How to Plan a Fundraiser Party Event

Fundraisers are bigger than ever…and they’re not just for school trips or health research any more. Though those are both worthy causes, people are banding together more and more with fundraiser parties for anything from adding awareness about a local cause to starting a local business to promoting the making of an independent film.

If you have a cause in mind, here’s how to plan a fund raiser event by holding a party that’s both fun and a smashing success.

Gather Your Materials Ahead of Time

If you’re looking to raise awareness and/or funds about a particular project, go to the headquarters of the organization, your city hall or look online and ask for brochures to hand out during the fundraiser.

If the issue is more personal, gather information describing your cause and create a catchy, professional-looking one page handout. (This is easy to do using Word or a similar document program and free clipart you can find on the internet.)

If you’re hosting a PartyLite or Tupperware get-together –  or something similar  –  make sure you’re well stocked on order forms, extra catalogs and samples. (If you hadn’t considered this avenue but already have such a home business, ask your superior whether the company offers fundraiser help. Many do.)

Estimate Your Number of Attendees

If you’re expecting a huge crowd but don’t necessarily live in a mansion, consider asking your local Lion’s Club or other hall whether you’d be able to host your party there. Local organizations are often happy to donate their space free of charge for a good cause.

For a smaller gathering, have the party at your own home, in a reserved area of a restaurant or at a friend’s home.

If you’re having trouble estimating the total amount of attendees, ask for RSVPs three weeks in advance of the event. This will give you a better idea of what kind of space you’ll be needing for your fund raising party.

Drum Up Interest

Create sympathy for your cause by making flyers that explain what you’re doing and why. Then post them at establishments that allow you to (ALWAYS ask before hanging up your flyers).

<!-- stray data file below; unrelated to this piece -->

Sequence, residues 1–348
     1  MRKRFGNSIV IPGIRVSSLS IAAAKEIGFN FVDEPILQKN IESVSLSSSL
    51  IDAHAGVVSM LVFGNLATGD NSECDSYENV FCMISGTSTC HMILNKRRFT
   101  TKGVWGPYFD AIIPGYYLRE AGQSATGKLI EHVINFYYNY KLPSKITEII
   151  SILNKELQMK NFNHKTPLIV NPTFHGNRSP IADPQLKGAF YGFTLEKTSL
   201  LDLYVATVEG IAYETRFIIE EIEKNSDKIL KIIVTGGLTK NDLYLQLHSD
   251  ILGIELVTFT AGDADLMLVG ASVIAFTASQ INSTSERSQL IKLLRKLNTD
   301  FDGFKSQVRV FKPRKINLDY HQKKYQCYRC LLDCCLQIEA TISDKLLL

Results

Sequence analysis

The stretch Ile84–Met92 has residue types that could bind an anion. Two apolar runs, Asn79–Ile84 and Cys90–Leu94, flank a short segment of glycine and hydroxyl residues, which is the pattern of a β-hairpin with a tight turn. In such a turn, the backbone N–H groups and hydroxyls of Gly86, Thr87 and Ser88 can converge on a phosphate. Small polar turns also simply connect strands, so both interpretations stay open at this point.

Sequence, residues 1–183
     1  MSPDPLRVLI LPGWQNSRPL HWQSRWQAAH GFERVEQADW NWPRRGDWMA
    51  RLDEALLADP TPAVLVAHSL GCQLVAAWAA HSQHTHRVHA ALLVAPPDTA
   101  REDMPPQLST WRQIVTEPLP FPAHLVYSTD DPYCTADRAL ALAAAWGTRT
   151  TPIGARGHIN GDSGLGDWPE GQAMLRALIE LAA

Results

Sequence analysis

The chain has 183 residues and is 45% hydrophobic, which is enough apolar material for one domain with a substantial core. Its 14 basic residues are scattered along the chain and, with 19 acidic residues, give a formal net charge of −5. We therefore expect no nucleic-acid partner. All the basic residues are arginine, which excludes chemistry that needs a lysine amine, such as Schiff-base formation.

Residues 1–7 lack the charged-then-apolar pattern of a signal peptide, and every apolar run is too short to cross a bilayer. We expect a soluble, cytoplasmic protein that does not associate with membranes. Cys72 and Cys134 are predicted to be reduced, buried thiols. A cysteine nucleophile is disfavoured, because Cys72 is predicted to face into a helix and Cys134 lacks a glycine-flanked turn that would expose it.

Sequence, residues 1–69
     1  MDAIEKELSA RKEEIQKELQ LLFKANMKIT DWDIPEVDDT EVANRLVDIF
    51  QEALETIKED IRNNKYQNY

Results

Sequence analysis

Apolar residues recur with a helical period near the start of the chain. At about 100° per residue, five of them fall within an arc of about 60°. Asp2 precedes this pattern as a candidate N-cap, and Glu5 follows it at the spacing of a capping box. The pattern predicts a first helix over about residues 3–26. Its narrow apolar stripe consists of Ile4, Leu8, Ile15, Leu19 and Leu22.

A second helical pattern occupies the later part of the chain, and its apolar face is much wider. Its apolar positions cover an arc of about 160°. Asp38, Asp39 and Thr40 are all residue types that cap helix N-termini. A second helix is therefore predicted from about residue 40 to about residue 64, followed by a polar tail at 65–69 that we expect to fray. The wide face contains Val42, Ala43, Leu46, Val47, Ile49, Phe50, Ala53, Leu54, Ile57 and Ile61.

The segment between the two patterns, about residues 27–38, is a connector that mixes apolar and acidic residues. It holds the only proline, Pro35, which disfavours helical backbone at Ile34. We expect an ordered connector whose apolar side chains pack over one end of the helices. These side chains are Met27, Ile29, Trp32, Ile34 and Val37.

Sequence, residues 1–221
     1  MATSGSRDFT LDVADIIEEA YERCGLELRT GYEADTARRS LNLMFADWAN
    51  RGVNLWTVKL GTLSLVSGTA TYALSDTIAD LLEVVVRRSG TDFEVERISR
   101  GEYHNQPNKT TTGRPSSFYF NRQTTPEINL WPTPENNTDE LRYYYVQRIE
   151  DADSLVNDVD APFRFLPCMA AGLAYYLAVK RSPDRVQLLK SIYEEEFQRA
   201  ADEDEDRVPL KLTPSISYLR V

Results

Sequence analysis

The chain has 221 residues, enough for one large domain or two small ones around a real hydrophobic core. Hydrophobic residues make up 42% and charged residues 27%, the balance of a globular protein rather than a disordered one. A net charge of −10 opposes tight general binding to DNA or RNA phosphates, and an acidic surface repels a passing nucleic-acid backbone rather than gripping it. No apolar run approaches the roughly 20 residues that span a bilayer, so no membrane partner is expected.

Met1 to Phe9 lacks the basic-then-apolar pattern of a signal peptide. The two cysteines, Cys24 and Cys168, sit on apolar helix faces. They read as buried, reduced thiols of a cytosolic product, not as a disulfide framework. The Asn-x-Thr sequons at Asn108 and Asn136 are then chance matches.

Use the internet for this purpose, too. Use free social networking sites like Facebook to post information and updates as you get closer to the big day. It’s one of the quickest and easiest ways to engage people’s interest in your idea and to remind them when the party is coming up.

Don’t discount word of mouth as a marketing tool. Mention your party to your children’s teachers, to friends, even at work if it doesn’t seem inappropriate (some work places discourage this type of networking openly in the workplace; get a feel for your company on this or find out if there’s a policy).

Make Your Attendees Comfortable

Have snacks and beverages on hand. As a general rule, keep this simple (and you can even ask for donations of soda, juice, sandwiches, salads or order-in pizza. Even places like McDonald’s may donate large coffee urns for your event.) Consider a potluck if it’s a smaller, more intimate party.

Have plenty of seating available. Ask friends to bring folding chairs, or rent them through your local party outlet (you’d be surprised how inexpensive this can be).

Ask For Help

Don’t be afraid to ask for volunteers. Others who support your cause, family members, close friends, and parents of your child’s schoolmates (if they’re involved in the cause) are all great candidates. Ask helpers to make follow-up RSVP calls for a head count, help set up seating and tables before the event or send thank-you notes after the event (see below).

Say Thank You

Don’t forget to send thank you notes after the event. People remember small gestures – and it’s important that you let them know how much their involvement has meant to you.